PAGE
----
Vancomycin-induced acute generalized exanthematous pustulosis (AGEP) masquerading septic shock-an unusual presentation of a rare disease

Sagger Mawri, Henry Ford Health System
Tarun Jain, Henry Ford Health System
Jainil Shah, Henry Ford Health System
Gina Hurst, Henry Ford Health System
Jennifer Swiderek, Henry Ford Health System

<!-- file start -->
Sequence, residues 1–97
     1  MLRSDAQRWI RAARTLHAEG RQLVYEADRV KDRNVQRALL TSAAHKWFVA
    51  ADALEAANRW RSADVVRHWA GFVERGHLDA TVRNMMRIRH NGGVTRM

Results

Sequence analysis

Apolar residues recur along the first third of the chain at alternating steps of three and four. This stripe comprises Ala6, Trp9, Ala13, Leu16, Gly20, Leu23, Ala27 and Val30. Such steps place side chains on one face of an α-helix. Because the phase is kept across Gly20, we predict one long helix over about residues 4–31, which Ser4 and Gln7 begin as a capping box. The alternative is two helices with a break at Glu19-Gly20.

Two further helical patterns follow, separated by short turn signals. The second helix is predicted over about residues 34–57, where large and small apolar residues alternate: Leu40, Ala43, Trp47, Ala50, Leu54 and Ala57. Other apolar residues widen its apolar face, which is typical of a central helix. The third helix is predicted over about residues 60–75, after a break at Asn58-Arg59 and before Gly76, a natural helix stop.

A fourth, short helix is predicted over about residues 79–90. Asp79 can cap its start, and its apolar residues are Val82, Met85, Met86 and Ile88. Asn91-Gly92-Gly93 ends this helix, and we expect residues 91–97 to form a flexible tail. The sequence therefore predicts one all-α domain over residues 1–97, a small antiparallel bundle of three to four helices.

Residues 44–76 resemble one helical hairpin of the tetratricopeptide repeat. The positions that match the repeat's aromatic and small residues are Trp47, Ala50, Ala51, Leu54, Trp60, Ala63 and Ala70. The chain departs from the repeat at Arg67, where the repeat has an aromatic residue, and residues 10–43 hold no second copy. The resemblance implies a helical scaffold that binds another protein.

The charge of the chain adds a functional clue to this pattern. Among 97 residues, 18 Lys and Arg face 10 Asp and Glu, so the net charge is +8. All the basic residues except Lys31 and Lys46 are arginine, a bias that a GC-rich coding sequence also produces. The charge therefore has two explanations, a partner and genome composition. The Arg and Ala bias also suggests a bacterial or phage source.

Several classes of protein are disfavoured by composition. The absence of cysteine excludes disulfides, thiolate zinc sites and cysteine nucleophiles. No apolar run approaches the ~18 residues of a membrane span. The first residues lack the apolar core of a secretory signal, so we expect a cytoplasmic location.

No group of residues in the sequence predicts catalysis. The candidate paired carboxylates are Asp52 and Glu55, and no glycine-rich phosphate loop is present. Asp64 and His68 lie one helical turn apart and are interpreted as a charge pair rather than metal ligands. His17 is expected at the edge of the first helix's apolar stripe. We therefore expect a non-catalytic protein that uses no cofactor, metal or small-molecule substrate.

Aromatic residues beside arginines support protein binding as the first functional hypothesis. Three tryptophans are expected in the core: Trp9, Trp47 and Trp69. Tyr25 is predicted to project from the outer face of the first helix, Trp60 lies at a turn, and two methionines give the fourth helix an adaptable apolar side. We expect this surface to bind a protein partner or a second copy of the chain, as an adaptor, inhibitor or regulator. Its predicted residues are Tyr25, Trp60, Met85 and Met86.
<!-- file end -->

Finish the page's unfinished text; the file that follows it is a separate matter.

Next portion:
Acute generalized exanthematous pustulosis (AGEP) is a rare cutaneous adverse reaction characterized by acute sterile pustular eruptions, mostly induced by medications. Antibiotics are the most commonly implicated drugs; however, there have only been two previous reports of vancomycin-induced AGEP in the literature. In this case, we present the clinical course of a 56-year-old man who was admitted to the intensive care unit with an unusually severe form of AGEP mimicking septic shock, which developed after the recent use of vancomycin. Despite cessation of the offending agent, our patient continued to clinically decline with development of worsening skin eruptions and hemodynamic instability necessitating vasopressor support. The patient promptly responded to systemic steroid therapy with complete resolution of AGEP. In addition to highlighting the implication of vancomycin in AGEP, we herein discuss the clinical presentation, diagnosis, and management of AGEP, particularly in severe cases admitted to the intensive care unit.